NO SUBSTITUTE FOR WOOD
How can I improve the timber decking of my flat lorries?
Geoff Waite, by e-mail
George says: Planked decking on lorry trailers, in common with many railway wagons, features bare timber planks for the payload deck. Often rendered in a uniform, vaguely brown colour by RTR manufacturers, we usually have a modicum of moulded plank detail to work with, at least. With paints, it’s possible to recreate the appearance of wood, employing the dry-brushing method to suggest grain patterns in keeping with that of the real thing. By building up a broad range of shades, we can replicate the complex appearance of weathered timber, although this can prove to be a long-winded process. Alternatively, we can harness wafer-thin wood veneers to avoid all of that hassle. Veneers are available from woodcraft stockists and those intended for marquetry are especially useful, not least as the veneers often come in smaller sheets. Choose close-grained timber with minimal decorative figure and of a suitable colour. Lay the veneer onto strips of double-sided tape and cut carefully into separate planks. Peel away the tape’s backing and lay the planks onto the truck. A light rub with sandpaper roughens the surface texture a little, and wood dyes or enamel weathering washes can add a grubby effect, as well as adding definition to the plank edges. Just be careful to store the finished models in a stable environment, lest the veneer shrinks or lifts from exposure to dampness or excessive temperature fluctuations.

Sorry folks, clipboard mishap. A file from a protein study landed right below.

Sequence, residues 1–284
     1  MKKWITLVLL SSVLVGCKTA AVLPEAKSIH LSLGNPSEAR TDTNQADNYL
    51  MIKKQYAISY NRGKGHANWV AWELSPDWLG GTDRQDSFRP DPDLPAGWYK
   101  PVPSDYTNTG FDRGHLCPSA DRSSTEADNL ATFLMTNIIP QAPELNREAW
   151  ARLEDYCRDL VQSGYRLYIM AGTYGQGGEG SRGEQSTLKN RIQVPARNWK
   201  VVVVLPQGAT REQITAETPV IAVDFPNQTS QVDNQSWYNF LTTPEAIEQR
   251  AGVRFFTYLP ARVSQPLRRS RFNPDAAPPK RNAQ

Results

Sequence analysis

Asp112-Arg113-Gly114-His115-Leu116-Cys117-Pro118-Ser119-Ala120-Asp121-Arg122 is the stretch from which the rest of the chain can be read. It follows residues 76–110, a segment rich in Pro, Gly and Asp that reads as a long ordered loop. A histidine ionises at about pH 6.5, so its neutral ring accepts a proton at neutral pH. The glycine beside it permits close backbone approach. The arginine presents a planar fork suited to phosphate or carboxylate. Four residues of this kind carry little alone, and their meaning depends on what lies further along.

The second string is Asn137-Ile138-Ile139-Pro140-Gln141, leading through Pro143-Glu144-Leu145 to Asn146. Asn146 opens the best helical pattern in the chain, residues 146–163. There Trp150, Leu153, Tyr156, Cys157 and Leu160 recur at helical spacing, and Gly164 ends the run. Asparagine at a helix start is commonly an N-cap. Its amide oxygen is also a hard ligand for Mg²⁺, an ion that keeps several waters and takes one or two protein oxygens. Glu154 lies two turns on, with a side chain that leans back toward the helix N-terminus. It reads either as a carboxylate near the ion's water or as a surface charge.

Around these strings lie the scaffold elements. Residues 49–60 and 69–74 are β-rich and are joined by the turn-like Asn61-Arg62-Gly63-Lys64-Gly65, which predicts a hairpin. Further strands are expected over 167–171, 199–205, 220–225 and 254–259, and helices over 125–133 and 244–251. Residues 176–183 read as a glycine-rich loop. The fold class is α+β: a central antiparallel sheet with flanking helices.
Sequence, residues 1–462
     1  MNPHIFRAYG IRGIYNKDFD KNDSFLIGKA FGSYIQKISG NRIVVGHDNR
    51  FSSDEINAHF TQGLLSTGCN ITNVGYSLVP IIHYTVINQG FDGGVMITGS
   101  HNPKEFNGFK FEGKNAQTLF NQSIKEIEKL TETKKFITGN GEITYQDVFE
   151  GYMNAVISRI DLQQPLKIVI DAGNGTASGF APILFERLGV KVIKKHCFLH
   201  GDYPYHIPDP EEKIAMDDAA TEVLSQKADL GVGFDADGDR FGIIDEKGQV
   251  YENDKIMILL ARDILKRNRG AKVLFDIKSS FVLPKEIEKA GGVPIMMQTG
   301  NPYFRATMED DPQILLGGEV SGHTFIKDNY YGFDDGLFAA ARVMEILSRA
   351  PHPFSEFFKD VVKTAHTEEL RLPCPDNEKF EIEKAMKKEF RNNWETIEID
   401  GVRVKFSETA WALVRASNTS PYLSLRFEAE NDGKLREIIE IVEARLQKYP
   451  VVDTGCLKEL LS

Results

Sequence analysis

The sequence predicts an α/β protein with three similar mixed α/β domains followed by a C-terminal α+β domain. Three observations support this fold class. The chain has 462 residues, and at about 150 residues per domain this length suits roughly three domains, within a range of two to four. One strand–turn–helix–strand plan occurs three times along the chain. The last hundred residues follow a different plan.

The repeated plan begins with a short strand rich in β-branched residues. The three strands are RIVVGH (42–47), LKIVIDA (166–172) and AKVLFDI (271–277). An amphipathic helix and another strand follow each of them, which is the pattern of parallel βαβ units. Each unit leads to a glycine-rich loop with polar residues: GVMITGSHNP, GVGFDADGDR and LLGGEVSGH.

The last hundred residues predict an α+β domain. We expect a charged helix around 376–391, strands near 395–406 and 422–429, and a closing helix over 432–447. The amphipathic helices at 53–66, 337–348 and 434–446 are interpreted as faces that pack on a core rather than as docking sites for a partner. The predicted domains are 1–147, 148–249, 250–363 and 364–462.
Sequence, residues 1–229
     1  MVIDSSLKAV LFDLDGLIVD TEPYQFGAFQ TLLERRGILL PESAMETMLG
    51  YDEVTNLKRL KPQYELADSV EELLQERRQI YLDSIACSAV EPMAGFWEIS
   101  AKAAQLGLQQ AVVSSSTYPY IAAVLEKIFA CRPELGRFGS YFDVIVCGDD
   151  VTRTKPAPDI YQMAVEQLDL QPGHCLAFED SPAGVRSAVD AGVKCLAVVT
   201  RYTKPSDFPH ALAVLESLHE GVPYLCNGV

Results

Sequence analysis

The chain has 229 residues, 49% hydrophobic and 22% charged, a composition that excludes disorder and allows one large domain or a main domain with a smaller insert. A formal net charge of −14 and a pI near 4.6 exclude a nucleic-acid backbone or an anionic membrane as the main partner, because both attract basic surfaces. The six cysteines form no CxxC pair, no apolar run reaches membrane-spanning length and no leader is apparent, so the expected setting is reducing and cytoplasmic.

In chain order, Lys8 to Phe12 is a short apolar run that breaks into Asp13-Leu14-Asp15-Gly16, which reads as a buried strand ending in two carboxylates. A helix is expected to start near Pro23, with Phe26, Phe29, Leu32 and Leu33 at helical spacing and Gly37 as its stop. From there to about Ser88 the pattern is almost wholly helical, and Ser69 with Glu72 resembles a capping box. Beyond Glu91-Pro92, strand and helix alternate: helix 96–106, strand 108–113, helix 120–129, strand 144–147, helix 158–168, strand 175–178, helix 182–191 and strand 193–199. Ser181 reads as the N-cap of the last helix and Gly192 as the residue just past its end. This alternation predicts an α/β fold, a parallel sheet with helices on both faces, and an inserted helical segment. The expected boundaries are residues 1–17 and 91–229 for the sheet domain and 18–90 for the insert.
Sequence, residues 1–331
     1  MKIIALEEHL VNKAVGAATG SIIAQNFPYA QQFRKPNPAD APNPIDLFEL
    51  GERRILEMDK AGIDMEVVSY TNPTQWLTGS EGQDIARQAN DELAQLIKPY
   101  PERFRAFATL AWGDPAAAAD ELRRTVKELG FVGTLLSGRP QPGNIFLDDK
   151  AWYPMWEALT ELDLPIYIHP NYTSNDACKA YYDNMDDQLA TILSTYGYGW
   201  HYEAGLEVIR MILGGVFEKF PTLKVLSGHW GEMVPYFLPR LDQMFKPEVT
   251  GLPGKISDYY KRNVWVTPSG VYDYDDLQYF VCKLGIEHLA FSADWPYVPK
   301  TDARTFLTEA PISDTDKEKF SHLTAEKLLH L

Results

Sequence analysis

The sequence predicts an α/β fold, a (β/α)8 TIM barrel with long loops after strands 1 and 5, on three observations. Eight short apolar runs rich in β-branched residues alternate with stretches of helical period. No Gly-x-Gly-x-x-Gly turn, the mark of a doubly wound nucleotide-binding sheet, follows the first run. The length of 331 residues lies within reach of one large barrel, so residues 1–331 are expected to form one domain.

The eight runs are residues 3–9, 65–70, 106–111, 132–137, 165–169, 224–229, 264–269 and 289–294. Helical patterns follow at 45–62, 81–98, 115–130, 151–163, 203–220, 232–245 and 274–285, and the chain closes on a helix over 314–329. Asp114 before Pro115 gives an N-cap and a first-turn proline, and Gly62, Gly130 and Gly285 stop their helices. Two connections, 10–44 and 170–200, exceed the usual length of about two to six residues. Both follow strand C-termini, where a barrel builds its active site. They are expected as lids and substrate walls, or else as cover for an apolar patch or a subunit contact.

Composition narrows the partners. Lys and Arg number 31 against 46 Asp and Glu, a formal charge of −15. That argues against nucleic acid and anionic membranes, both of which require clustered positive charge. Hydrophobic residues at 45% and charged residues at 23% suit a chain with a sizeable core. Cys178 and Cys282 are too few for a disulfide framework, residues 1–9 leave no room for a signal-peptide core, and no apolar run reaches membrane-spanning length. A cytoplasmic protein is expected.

Choose a tight-grained wood and cut the veneer into thin strips to mimic the planks on the real thing.
Trucks can be greatly enhanced with real timber decking.